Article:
Download Now! Actions to Transform Food Systems under Climate Change

How to explain climate information to farmers

Also available in Español
Photo: D. Giraldo (CIAT)
Jun 13, 2017


Efraín Leguía and Diana Giraldo (CCAFS)


Climate information at a glance may not tell much to a farmer; the PICSA approach helps bridge the information gap to reach more farmers so they can make better decisions, under effective mechanisms of communication and use.

In the community of Tierra Fría Primera in Honduras, it is common to hear this kind of comments from the farmers:

When will the rain start?... I have not idea... neither how long it will last. Before, in May we were already planting, nowadays we have waited until June to plant and the rain has been a little weird and we have lost our crops”.

"The last year, the rain season was good, as we always would like; but now we don’t know when the rain will start, neither how it will be”.

These comments highlight how unpredictable the rainfall season has become, what was regular a few years ago that now may be delayed or anticipated.

It is frequent to find farmers who say that they sow by tradition at the beginning of the rainy season but with great uncertainty about the rainfall during the agricultural season. Therefore, it is necessary for farmers to have access to agro-climatic information (historical, monitoring and forecasting) in a timely and reliable manner, implementing effective mechanisms for communication and use of information. But how difficult can it be?

Total monthly rainfall station Santa Rosa de Copán (1952-2013). Source: COPECO

The graph above shows the historical precipitations of six decades of measurements in Santa Rosa de Copán (Honduras), which at first sight may not tell much to a farmer. How can we explain this information of historical rainfall and climate variability, and how is this connected with production? The solution: the Participatory Integrated Climate Services for Agriculture (PICSA) Field Manual.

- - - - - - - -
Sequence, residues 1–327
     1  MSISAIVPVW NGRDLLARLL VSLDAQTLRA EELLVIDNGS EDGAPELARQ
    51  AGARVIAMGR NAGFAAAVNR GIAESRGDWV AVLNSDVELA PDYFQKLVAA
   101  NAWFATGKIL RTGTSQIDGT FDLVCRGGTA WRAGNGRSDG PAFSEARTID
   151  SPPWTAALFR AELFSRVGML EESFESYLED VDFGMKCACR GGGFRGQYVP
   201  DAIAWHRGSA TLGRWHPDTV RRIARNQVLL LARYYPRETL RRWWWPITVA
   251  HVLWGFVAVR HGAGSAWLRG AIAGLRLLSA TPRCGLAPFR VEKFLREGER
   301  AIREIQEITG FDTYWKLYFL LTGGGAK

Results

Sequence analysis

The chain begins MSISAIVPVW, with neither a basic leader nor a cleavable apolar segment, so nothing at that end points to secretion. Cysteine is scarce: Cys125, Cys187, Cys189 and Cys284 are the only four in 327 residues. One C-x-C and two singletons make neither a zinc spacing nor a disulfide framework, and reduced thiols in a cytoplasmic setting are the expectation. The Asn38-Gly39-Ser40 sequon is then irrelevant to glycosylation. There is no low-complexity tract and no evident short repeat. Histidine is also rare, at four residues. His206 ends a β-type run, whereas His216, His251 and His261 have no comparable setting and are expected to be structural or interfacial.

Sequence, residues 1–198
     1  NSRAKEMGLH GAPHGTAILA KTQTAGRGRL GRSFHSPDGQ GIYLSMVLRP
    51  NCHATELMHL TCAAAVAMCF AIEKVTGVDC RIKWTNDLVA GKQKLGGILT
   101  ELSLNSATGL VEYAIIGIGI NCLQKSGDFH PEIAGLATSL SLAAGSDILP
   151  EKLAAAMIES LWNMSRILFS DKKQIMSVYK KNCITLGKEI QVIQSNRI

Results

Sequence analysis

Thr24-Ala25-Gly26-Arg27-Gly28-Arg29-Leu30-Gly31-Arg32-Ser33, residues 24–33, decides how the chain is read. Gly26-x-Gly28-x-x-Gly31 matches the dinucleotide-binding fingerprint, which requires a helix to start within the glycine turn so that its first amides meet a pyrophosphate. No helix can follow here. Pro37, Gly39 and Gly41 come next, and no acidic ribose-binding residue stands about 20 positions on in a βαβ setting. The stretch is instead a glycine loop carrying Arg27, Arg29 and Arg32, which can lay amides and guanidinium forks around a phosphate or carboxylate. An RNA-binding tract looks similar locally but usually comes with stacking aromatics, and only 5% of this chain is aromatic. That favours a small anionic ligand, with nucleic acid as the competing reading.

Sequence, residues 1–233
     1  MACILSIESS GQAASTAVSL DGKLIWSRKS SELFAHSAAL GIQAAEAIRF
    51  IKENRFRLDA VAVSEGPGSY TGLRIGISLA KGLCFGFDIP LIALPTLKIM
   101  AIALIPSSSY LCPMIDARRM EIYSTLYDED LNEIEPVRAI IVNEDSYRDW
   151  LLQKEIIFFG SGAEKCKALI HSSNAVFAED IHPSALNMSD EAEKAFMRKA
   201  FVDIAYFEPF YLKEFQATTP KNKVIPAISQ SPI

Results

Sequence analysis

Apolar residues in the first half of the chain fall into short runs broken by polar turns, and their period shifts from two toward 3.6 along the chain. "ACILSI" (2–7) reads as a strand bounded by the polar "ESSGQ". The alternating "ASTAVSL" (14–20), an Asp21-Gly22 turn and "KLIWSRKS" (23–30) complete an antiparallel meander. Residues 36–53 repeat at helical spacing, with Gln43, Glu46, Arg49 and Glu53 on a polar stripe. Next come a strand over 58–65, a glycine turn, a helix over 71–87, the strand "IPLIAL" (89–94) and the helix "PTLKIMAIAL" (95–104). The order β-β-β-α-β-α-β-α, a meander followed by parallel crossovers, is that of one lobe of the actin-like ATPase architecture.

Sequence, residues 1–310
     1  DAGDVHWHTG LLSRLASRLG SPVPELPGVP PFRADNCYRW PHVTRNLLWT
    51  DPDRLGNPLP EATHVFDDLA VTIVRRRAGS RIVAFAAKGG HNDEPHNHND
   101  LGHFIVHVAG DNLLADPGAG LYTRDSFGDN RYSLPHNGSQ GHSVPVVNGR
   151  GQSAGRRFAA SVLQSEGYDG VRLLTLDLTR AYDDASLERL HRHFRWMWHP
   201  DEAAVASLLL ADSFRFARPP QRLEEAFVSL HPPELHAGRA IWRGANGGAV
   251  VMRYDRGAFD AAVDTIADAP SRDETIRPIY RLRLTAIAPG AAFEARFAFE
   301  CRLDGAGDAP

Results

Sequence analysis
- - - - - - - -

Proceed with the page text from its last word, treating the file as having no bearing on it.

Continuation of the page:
Timely and reliable agro-climatic information for Honduran farmers

Since 2016 in Honduras, Local Participatory Agroclimatic Committees (LPAC) have been used as an adaptation strategy to reduce climate risks. The main product of these committees is the agroclimatic newsletter, and PICSA will be the bridge through which these bulletins will reach more farmers to make better decisions based on climate information (water requirements, sowing and harvesting, agricultural practices, selection of crop type and / or crop variety).

Currently, Honduras has six LPACs throughout the country, in the departments of El Paraíso, Choluteca, Comayagua, Olancho, Intibucá and Copán; and in this last one the Santa Rita CSV is located, which is one of the four Climate-Smart Villages (CSV) in which the CGIAR Research Program in Climate Change, Agriculture and Food Security (CCAFS) is working to help smallholder farmers adapt to climate change.

In this regard, Santa Rita CSV offers a perfect field laboratory to implement a pilot PICSA, adapting the implementation manual to the local context, in partnership with the Tropical Agricultural Research and Higher Education Center (CATIE), the Commonwealth of Municipalities of the Maya route (Mancosaric) and with the support of the PICSA developers, the Walker Institute of the University of Reading.

Path of implementation

PICSA is the tool that responds to the need to strengthen the climate component within our methodology of field schools" (Facilitator of SEDUCA - SAG Honduras)

During the week of 6 to 10 of March, CCAFS researchers Diego Obando, Diana Giraldo and Efraín Leguía met in Honduras with the objectives of making a diagnosis of regional and local actors, as well as the ongoing initiatives, for defining roles in the implementation of PICSA; socializing with these actors the work at the Santa Rita CSV, and making a plan and schedule for the implementation of PICSA, in line with existing initiatives in the area.

Proposed scheme for the implementation of PICSA at Santa Rita CSV.

Institutions of the Honduran government, as well as international cooperation projects, after the meetings held on using PICSA in the CSV in a "bottom up" way, have expressed their interest in being part of the implementation, emphasizing that it would mean a contribution to their own projects and responding to the need to communicate agro-climatic information to farmers to make decisions.